To begin with the teacher has just one iPad (teacher iPad) attached to an Apple ID but then add a further 9 as the iPad deployment grows. Beyond 10 a Mac/PC will be required to install apps or MDM software such as Meraki or LightSpeed. However the problem with MDMs is that it requires a technical person/company to deploy the iPads and then the teacher loses the control as they have to pass requests on.
Apple created the Volume Licensing Program because, as mentioned above, schools were managing multiple iPads with one iTunes account. It is only possible to purchase an app once with one iTunes account but the user agreement states that each app should be purchased for the amount of iPads it appear on. For example, if 20 iPads all have the Book Creator app on then the school will have to use volume licensing to purchase 20 copies of the app with a 50% discount for purchases of over 20 apps and above. Grouping iPads into classes/year groups or key stages means that a school can save money in Volume Licensing as not all apps will have to appear on every iPad. For example, Key Stage 1 may use the My Story App for eBook creation but Key Stage 2 may use the Book Creator app. However, both apps may not appear on all iPads throughout the school.
As mentioned earlier, it is important to share good practice. Discussions of apps at staff meetings can be important. Some apps may be used throughout the school but others may only be required in a certain Key Stage for a particular subject.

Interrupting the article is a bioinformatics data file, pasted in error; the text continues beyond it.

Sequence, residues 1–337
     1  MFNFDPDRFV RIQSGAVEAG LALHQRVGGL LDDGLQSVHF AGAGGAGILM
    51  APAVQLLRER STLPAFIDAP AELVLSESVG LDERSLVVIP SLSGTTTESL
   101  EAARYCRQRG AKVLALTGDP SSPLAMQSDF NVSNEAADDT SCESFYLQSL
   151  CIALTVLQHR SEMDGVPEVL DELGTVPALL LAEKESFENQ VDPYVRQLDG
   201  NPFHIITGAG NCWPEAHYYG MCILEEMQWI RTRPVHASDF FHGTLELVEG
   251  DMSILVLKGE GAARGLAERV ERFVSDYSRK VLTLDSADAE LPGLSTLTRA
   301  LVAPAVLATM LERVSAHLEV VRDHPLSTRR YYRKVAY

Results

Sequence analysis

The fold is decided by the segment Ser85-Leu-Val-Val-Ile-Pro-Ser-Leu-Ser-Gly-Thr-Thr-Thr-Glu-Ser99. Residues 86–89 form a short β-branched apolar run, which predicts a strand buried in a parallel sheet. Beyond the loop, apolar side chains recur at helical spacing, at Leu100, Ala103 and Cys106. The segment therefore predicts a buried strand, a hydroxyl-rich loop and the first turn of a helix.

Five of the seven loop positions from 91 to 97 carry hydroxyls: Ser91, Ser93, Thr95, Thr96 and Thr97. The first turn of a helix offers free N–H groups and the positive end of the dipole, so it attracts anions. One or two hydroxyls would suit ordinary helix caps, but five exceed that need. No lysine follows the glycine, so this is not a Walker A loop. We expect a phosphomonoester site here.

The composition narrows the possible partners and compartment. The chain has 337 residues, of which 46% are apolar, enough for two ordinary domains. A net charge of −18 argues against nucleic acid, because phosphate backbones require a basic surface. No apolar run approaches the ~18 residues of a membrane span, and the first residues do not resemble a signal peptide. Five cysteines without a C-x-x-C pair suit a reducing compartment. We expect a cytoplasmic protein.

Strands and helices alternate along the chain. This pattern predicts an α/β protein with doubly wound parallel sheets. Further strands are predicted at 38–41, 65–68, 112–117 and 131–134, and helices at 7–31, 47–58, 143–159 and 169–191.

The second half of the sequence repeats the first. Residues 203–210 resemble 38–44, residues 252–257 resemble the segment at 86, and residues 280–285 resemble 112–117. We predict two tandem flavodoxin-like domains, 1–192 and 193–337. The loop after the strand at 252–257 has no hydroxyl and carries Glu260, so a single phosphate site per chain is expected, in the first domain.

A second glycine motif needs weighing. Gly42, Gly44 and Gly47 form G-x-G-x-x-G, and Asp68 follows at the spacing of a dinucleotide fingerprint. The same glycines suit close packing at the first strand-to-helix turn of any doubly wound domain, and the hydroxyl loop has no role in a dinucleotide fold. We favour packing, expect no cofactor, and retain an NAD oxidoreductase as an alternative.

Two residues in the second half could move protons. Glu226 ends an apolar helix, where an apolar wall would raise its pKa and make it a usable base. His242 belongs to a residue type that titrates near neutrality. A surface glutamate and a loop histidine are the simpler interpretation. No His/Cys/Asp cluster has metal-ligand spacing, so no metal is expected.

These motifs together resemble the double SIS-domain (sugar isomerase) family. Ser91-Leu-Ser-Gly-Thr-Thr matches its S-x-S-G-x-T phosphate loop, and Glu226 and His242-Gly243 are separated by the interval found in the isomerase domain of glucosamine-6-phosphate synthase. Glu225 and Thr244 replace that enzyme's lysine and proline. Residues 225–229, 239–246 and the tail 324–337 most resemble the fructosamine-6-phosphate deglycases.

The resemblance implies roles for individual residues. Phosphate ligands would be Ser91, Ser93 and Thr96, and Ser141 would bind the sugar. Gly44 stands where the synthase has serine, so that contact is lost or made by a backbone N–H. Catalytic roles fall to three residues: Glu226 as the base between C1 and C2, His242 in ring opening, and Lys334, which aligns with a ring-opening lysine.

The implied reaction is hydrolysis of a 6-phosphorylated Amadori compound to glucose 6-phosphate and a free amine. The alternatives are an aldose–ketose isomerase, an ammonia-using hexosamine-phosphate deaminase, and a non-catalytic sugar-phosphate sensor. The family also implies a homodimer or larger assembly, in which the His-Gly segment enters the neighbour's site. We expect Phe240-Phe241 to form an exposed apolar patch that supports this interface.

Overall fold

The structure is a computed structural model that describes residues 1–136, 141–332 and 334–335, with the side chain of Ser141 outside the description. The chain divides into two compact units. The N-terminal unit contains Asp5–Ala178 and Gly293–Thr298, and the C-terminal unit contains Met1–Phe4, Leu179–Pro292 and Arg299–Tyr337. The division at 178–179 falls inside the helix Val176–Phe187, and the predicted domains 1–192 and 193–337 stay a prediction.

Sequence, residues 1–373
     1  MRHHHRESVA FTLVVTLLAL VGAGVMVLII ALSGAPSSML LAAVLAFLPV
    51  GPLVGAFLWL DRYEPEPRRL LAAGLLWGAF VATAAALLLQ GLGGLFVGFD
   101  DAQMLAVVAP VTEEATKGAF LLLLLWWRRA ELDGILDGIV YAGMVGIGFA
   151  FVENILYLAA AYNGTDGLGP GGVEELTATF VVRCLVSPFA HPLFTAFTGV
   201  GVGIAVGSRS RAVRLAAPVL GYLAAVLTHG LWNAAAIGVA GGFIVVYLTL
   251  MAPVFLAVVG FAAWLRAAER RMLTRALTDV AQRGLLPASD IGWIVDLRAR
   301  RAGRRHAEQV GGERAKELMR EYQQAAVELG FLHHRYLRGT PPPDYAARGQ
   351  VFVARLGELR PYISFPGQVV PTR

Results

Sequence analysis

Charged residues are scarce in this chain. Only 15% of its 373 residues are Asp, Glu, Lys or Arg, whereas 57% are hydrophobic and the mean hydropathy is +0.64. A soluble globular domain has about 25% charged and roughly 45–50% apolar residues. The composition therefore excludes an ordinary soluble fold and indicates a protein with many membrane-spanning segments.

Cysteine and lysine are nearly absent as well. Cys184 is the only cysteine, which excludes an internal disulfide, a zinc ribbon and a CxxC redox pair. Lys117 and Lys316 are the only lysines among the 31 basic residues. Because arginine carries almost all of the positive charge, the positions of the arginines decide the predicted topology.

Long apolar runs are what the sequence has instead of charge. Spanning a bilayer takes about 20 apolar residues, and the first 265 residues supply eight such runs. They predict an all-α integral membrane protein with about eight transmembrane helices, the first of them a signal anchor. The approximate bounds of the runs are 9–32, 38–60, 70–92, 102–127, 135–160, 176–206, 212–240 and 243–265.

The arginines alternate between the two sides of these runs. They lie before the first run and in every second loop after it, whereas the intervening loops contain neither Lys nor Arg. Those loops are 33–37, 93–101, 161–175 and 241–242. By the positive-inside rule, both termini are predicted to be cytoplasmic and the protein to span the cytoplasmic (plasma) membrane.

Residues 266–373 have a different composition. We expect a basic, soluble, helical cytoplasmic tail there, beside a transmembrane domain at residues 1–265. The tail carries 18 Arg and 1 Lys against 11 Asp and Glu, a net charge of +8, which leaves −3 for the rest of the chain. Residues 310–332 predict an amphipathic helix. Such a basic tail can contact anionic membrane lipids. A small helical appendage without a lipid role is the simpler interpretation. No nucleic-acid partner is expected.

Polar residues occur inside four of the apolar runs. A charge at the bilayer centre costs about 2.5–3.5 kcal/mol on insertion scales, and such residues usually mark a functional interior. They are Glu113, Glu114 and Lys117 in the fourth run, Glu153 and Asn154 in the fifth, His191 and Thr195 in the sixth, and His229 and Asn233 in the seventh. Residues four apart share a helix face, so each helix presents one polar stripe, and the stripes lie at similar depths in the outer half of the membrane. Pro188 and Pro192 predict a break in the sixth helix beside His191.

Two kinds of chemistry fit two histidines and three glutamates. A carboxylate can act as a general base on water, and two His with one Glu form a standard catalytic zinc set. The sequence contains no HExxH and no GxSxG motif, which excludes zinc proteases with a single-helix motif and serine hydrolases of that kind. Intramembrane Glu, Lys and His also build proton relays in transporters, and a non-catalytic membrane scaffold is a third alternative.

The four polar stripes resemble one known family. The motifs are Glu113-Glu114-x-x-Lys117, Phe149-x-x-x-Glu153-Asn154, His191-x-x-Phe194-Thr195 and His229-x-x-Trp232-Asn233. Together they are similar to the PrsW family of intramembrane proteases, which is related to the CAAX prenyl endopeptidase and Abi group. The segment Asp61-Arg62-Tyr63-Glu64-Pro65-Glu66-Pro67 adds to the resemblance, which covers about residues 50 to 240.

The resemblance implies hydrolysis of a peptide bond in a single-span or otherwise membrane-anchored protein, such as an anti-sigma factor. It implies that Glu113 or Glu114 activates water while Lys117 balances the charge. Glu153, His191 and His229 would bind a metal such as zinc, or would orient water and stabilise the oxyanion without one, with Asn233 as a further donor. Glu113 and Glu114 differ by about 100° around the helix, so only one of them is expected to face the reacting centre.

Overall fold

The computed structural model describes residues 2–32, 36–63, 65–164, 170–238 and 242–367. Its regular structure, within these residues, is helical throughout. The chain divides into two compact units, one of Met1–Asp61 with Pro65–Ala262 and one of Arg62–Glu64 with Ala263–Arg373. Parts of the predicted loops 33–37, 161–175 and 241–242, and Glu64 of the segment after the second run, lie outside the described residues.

When sharing iPads in the classroom, there are a few things to use that can make this a little easier. Firstly, colour coding the iPads with different coloured cases can be useful so pupils can quickly find their iPad when they are being shared. If this is not possible then numbering them with a sticker will also help. Headphone splitters allow for more than one set of headphones to be inserted into the iPad, meaning there will be no arguments over whose turn it is to listen to the video or piece of music. A good workflow solution is also important such as Showbie, so that pupils can login from any iPad and retrieve/send their work to and from the teacher.
A Typical Scenario
Below is a flowchart showing the progression of an iPad deployment with a first purchase order of 10 Teacher iPads and then 50 more for pupils. The example school is a 10 class Primary School with 10 class teachers and approximately 250 pupils from Reception to Year 6.
About the Author: Adam Foster, a Primary School teacher of 9 years, Apple Authorised Professional Development Trainer and Apple Distinguished Educator who provides iPad training for Primary Schools. In the last 18 months Adam has supported over 50 Primary schools with their iPad needs whilst continuing to teach part-time. Have a look around his site at the training page, blog and book.